Creating a Missional Culture by JR Woodward
Equipping the Church for the Sake of the World

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Once upon a time, Moses had had enough.

Exhausted by the challenge of leading the Israelites from slavery to the Promised Land, Moses cried out to God, "What have I done to displease you that you put the burden of all these people on me? . . . If this is how you are going to treat me, please go ahead and kill me" (Exodus 11:11, 15).

If that sounds hauntingly familiar to you, you may be the senior pastor of a contemporary church. The burden of Christian leadership is becoming increasingly unbearable--demanding skills not native to the art of pastoring; demanding time that makes sabbath rest and even normal sleep patterns seem extravagant; demanding inhuman levels of efficiency, proficiency and even saintliness.

No wonder pastors seem and even feel less human these days. No wonder they burn out or break down at an alarming rate; no wonder the church is missing the mark on its mission.

In Creating a Missional Culture, JR Woodward offers a bold and surprisingly refreshing model for churches--not small adjustments around the periphery of a church's infrastructure but a radical revisioning of how a church ought to look, from its leadership structure to its mobilization of the laity. The end result looks surprisingly like the church that Jesus created and the apostles cultivated: a church not chasing the wind but rather going into the world and making disciples of Jesus.

About JR Woodward

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JR Woodward is a church planter, activist, consultant, missiologist, speaker and writer. Graduating with a master of arts in global leadership from Fuller Theological Seminary, Woodward went on to co-found Kairos Los Angeles, a network of neighborhood churches in the Los Angeles area. He also cofounded and is now director of the Solis Foundation, a faith-based foundation that partners with churches in third-world countries to equip new entrepreneurs through small business, micro-loan programs and venture grants. Woodward previously published ViralHope with Ecclesia Press in 2010. Follow his blog at Alan Hirsch is the founding Director of Forge Mission Training Network. He is the co-founder of, an international forum for engaging with world transforming ideas. He leads Future Travelers, a learning journey applying missional-incarnational approaches to established churches and is an active participant in The Tribe of LA, a Jesus community among artists and creatives in Los Angeles. Known for his innovative approach to mission, Hirsch is a teacher and key mission strategist for churches across the western world. His popular book The Shaping of Things to Come (with Michael Frost) is widely considered to be a seminal text on mission. Alan's recent book The Forgotten Ways, has quickly become a key reference for missional thinking, particularly as it relates to movements. His book ReJesus is a radical restatement about the role that Jesus plays in defining missional movements. Untamed, his latest book (with his wife Debra) is about missional discipleship for a missional church. His experience in leadership includes leading a local church movement among the marginalized as well as heading up the Mission and Revitalization work of his denomination. Hirsch is an adjunct professor at Fuller Seminary and lectures frequently throughout Australia, Europe, and the U.S.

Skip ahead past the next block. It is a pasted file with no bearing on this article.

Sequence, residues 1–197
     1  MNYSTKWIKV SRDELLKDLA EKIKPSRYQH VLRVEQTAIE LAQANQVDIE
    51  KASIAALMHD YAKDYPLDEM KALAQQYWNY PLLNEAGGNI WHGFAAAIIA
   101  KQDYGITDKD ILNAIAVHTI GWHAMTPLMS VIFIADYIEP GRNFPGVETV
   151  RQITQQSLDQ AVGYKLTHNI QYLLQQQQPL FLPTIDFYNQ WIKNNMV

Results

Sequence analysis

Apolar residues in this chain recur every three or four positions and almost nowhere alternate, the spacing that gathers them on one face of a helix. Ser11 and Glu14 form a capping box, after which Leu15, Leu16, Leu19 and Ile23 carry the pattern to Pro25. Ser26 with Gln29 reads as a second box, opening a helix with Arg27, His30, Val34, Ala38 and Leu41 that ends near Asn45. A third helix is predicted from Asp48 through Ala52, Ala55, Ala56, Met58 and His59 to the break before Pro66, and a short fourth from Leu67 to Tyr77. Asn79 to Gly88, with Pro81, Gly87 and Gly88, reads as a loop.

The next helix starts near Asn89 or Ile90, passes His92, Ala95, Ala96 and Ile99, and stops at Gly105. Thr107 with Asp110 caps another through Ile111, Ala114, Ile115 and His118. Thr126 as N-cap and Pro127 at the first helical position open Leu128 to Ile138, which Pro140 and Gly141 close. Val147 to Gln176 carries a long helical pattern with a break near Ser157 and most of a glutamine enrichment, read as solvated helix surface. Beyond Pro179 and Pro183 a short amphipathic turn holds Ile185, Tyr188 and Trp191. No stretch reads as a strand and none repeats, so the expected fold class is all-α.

Published September 20, 2013 by IVP Books. 257 pages
Genres: Religion & Spirituality. Non-fiction

Unrated Critic Reviews for Creating a Missional Culture

The Gospel Coalition

Yet although he calls the church not to assume their culture, but to ask questions about their culture and to define it, I was left wondering how Woodward defines the gospel.

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